Last week saw a court judgment handed down that some claim will have severe knock-on effects on the way lenders are permitted to charge interest.
The Court of Appeal found that West Bromwich Building Society should not have raised interest rates on buy-to-let tracker mortgages without a rise in Bank of England base rate.
But the big question now is whether the case sets a precedent that can be used to challenge other lenders that have acted in a similar way.
On the face of it, the main lenders in the frame are Skipton Building Society, Manchester Building Society and Bank of Ireland, although there are others.
Immediately after the West Brom judgment, the public face of lenders was calm, although there were rumours of crisis talks at trade bodies and lenders behind closed doors.
But now that lawyers have had time to pick over the case, lenders have come out swinging. The consensus of Skipton and the Building Societies Association is that the outcome of the West Brom case is isolated and the findings cannot be carried over to other examples. Mortgage Strategy understands the Manchester feels the same way.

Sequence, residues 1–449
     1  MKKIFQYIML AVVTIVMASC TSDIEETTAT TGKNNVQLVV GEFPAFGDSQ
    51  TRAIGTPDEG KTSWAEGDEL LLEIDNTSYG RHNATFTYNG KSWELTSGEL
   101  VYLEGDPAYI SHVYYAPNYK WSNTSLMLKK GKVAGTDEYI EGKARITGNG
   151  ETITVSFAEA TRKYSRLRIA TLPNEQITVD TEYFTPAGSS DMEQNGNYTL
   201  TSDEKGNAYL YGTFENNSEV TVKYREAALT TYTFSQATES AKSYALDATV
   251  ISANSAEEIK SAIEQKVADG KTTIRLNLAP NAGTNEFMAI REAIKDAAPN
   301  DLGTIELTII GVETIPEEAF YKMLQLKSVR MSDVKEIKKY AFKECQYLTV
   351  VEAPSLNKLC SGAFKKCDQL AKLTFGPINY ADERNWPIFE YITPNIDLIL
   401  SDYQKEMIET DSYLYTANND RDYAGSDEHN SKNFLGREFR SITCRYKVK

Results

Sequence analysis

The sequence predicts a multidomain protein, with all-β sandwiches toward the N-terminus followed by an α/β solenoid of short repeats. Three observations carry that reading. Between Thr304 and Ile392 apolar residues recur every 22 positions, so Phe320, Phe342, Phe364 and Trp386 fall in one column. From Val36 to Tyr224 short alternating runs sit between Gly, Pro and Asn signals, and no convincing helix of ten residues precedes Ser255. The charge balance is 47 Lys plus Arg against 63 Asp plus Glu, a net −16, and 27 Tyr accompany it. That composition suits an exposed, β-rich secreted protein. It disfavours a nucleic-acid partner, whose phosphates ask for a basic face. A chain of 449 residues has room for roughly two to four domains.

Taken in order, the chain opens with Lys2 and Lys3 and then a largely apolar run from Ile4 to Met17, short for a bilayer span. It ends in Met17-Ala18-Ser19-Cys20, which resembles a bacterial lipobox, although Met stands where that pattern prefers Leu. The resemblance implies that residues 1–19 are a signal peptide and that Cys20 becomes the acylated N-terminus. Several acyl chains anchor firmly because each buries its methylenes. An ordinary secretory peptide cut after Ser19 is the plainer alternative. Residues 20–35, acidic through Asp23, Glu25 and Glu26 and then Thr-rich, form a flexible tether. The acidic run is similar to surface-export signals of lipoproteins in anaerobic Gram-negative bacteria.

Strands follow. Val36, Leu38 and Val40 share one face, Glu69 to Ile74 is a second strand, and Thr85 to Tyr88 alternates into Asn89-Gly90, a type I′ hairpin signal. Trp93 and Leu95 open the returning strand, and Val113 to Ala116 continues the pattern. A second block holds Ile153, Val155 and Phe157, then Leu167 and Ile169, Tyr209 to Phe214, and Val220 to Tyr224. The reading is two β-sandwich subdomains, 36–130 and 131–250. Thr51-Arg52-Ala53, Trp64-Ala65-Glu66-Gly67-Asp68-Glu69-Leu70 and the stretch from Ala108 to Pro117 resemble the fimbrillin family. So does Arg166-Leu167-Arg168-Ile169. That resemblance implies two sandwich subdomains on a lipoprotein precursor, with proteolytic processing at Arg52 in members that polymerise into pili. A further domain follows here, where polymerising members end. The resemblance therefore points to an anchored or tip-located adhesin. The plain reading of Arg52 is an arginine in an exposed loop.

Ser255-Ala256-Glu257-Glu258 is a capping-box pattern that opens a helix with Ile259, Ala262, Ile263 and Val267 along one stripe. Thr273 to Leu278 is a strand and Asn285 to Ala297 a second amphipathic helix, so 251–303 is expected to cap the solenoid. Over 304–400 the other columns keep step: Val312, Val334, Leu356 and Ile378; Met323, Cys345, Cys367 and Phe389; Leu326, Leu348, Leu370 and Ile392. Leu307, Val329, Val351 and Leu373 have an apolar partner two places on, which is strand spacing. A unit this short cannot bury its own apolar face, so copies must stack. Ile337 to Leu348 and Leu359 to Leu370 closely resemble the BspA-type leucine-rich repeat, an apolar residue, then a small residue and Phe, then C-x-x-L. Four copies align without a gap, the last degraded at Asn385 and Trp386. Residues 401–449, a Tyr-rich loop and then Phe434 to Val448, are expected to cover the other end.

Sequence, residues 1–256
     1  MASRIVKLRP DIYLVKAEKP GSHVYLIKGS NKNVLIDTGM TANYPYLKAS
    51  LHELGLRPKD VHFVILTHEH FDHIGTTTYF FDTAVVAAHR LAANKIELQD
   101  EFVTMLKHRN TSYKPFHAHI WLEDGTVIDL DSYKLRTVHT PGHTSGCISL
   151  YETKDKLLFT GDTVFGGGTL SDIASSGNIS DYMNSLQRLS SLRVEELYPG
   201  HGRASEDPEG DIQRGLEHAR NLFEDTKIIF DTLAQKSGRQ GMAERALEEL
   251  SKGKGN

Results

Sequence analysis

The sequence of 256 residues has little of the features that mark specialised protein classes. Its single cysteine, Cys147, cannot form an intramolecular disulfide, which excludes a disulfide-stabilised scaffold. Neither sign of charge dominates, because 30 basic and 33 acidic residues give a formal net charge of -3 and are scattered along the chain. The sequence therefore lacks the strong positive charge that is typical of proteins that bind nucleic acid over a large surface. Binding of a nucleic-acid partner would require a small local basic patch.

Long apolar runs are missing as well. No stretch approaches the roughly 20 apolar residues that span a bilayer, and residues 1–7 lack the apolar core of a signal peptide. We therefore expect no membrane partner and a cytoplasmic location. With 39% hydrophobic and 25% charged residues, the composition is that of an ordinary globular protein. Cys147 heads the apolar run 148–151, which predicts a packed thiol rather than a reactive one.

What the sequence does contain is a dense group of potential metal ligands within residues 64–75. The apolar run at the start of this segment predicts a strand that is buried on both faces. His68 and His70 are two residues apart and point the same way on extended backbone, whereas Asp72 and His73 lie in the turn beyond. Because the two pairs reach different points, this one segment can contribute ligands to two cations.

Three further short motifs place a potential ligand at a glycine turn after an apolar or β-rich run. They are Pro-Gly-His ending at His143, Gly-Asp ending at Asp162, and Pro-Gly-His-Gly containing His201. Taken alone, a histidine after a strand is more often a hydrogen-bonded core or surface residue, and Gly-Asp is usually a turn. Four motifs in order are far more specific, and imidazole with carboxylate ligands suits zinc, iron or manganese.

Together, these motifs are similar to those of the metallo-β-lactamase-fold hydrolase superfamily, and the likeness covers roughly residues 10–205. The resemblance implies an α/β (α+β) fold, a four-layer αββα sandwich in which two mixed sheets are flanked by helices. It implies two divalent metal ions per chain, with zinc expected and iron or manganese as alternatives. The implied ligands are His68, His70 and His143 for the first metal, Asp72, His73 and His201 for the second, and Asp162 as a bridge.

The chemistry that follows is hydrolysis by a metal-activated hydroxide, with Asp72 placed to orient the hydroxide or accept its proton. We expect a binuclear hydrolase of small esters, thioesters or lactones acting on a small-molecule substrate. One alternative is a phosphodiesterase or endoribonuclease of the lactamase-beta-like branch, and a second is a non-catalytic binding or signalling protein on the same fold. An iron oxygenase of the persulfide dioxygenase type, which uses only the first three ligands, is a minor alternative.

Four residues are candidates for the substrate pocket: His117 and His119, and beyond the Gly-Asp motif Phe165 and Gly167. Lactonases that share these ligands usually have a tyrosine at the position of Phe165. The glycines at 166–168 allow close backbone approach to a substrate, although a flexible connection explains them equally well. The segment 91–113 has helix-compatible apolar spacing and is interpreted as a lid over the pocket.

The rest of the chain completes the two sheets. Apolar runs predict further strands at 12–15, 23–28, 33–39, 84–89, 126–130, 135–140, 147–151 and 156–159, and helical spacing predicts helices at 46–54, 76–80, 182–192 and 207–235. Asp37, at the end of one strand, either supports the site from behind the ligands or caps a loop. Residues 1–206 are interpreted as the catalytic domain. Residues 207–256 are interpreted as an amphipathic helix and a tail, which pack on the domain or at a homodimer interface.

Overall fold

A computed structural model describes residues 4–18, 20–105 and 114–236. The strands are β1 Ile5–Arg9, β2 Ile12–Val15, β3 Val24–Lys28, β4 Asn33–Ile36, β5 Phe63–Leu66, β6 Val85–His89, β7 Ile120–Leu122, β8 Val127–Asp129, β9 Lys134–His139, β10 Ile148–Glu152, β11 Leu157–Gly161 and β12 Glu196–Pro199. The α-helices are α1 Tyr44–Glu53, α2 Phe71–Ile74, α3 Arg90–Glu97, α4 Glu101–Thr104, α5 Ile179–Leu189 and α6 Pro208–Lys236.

But Property 118 and its lawyers disagree and want to bring cases against the above three lenders. Unless they have a change of heart, the only thing standing in the way of fresh legal challenges is the need to raise enough cash.
Unfortunately for the industry, Property 118 members have plenty of that. And they will have even more when some of them get their share of the £27.5m payout from West Brom.
If more court cases find against lenders, an interesting question arises as to what extent this may in fact be bad for consumers if it means lenders make up for a sudden lack of income in one area by increasing costs in another.
Regardless, it looks like more legal action is inevitable. Of course, it is too early to say which side’s arguments will prevail. The only surefire winners here, in the short term at least, will be lawyers.